Full Strawberry Super Moon
Updated: Jun 13, 2022
June 14, 2022
Although the Moon reaches her fullest point early in the morning, you won’t be able to see her until she rises above the horizon later this evening. The Strawberry Moon is the second Super Moon of 2022, and if you didn't glimpse her last night, you will get your chance tonight and tomorrow as she appears in all her glory – large and golden. This is what makes her a Super Moon.
This Full Moon sits at 23˚ 25' Sagittarius, ruler of the Ninth House of Philosophy & Religion/Spirituality. It's about taking what you've learned from your life lessons and putting it into practice. Taking the "know better, do better" attitude up a notch, as you consciously raise awareness of a better way of being to the rest of the world. What aspect of life have you gained wisdom? Share that message with others.
According to the Algonquin, the Full Moon in June is the sixth Moon of Creation. They, along with the Ojibwe, Dakota and Lakota refer to her as the Strawberry Moon because June is the time when juicy vine-ripened strawberries are ready for picking. Traditionally, during this Moon cycle, tribes held their yearly celebration to welcome everyone home, and forgive any past differences and transgressions.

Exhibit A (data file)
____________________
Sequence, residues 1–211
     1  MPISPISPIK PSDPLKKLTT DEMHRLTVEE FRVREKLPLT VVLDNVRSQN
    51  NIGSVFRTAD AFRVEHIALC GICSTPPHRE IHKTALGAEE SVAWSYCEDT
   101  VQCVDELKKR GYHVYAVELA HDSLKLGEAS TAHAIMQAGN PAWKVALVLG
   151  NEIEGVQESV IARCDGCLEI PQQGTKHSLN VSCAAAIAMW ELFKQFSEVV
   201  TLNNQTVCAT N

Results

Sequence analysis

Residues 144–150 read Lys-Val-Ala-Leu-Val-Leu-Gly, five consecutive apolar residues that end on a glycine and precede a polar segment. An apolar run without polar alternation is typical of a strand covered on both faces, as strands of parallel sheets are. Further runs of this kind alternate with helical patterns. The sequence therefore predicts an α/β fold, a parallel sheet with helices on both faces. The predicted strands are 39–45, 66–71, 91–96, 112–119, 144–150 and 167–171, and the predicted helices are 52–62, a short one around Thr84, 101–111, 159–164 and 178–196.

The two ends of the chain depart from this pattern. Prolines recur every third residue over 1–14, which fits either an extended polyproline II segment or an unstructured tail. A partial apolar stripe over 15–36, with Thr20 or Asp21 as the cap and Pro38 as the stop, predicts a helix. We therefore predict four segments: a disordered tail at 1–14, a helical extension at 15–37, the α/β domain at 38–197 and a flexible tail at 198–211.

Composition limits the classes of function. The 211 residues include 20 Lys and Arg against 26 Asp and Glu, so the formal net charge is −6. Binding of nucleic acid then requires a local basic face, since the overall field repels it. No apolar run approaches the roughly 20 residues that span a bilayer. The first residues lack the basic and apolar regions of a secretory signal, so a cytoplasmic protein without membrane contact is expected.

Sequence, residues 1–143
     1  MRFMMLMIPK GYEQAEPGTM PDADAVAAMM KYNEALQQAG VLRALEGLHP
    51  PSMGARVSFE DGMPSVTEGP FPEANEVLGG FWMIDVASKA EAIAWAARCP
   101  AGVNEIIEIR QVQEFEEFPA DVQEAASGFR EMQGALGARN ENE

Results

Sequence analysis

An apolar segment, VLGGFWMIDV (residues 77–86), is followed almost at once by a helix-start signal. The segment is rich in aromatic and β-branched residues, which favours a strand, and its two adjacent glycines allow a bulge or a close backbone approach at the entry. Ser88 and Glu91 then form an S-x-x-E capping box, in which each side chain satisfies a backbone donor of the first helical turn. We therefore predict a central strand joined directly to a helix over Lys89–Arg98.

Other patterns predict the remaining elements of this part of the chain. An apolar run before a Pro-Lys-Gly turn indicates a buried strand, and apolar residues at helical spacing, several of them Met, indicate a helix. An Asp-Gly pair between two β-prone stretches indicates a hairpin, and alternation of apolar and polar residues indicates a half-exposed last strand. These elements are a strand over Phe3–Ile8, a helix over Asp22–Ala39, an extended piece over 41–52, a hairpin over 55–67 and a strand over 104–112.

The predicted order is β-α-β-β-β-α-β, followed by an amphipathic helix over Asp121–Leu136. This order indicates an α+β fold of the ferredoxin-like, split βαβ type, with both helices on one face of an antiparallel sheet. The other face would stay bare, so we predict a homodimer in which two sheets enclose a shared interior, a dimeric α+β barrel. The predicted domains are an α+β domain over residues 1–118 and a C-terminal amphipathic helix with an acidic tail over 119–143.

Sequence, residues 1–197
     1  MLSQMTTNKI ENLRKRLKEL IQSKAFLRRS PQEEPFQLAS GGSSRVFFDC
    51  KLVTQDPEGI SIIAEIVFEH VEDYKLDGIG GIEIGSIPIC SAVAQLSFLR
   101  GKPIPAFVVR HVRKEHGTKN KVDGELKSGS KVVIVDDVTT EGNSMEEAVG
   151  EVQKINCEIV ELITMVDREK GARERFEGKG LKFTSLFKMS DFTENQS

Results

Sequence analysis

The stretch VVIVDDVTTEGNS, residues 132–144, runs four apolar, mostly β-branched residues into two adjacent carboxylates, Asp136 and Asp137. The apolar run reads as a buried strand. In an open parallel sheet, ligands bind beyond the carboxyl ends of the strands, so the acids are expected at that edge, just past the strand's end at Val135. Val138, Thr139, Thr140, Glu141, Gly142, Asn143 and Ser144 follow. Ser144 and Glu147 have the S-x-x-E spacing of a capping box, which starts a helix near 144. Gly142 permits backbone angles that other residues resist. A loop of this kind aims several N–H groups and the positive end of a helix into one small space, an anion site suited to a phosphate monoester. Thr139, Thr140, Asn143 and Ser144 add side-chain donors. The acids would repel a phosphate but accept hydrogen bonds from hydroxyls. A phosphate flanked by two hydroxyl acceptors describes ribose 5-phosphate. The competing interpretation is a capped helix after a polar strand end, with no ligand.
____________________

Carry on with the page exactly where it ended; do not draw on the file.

Strawberries are the first of the berries to ripen, and the Native Americans considered them good medicine for the heart and teeth. This thinking remains quite accurate. Now we know these little powerhouses are not only rich in vitamins and antioxidants, but they increase your HDL (good cholesterol) and lower your blood pressure.
The Europeans call this Moon ‘Honey Moon’ or ‘Mead Moon’. June, named after Juno, the Roman goddess of marriage, was a popular nuptial month, where traditionally, the ‘honeymoon’ followed the wedding. Mead Moon is also related to marriage. Mead is made by mixing water with fermented honey along with other ingredients such as fruit, spices, grains, or hops. It was custom to drink mead wine at the wedding and during the month after to increase the chances of conceiving.
"The moon, rising, is a white eye to the hills; After it has risen, it is the bright heart of the sea. Because I love it—so—round as a fan, I hum songs until the dawn." –Li Po, Tang Dynasty (701–762)
It’s been said that this popular romantic poet drowned in the Yangtze River while embracing the reflection of the Moon. Po was not just a poet. Skilled with the sword, he led the wild life of a knight-errant, constantly in search of the next adventure. Wine was his muse, of which he drank in excess. Women, nature, Taoism, and the grandeur of the Chinese Dynasty were the primary subjects of his work; but layered within his poetry you can sense the undercurrent of Po’s disheartenment of living a wasted life.